Effects of roadways on seasonal movement strategies and mate location success in an imperiled pit viper (Crotalus horridus)

Elizabeth Noble, Georgia College & State University
Anna Tipton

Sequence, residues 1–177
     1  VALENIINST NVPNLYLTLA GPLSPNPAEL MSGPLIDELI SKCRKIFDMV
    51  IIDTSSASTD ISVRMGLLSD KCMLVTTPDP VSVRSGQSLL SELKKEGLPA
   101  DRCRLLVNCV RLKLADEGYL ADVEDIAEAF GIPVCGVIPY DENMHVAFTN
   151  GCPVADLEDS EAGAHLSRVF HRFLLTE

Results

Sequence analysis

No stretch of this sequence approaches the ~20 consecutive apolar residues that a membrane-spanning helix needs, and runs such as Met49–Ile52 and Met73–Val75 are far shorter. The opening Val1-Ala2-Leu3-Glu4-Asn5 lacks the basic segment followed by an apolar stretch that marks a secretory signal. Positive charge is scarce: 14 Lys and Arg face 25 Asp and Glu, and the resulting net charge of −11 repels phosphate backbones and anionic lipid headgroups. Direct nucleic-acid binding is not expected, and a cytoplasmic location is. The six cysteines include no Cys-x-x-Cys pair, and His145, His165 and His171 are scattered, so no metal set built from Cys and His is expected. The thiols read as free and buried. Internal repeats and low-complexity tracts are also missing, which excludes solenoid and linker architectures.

Understanding animal movement behavior is fundamental to effective conservation and management. Within populations, various movement strategies can be displayed in search of critical resources, and these strategies are influenced by multiple factors related to individuals and the environment. Mating partners are one critical resource that affect movement during mating seasons. For many large-bodied snakes, male mate-searching movements are the primary determinant of mate location success, however, males incur significant risks associated with elevated movement. In an increasingly human-modified world, this often includes increased interactions with anthropogenic landscape features. A recent range-wide status assessment for Timber Rattlesnakes (Crotalus horridus) identified roadways among the leading threats to population persistence, and more specifically in the Piedmont ecoregion of Georgia, USA. Before effective management can be developed, it is critical to identify behavioral mechanisms that mediate the relative risk that roads pose to populations and individuals. Beyond road mortality, the sub-lethal effects of roads remain largely untested in snakes. In order to fill these gaps and better inform conservation, I propose an integration of radio telemetry and accelerometry to quantify the effects of proximity to roads and road interaction frequency on mate searching movements and mate location success in C. horridus from the Georgia Piedmont.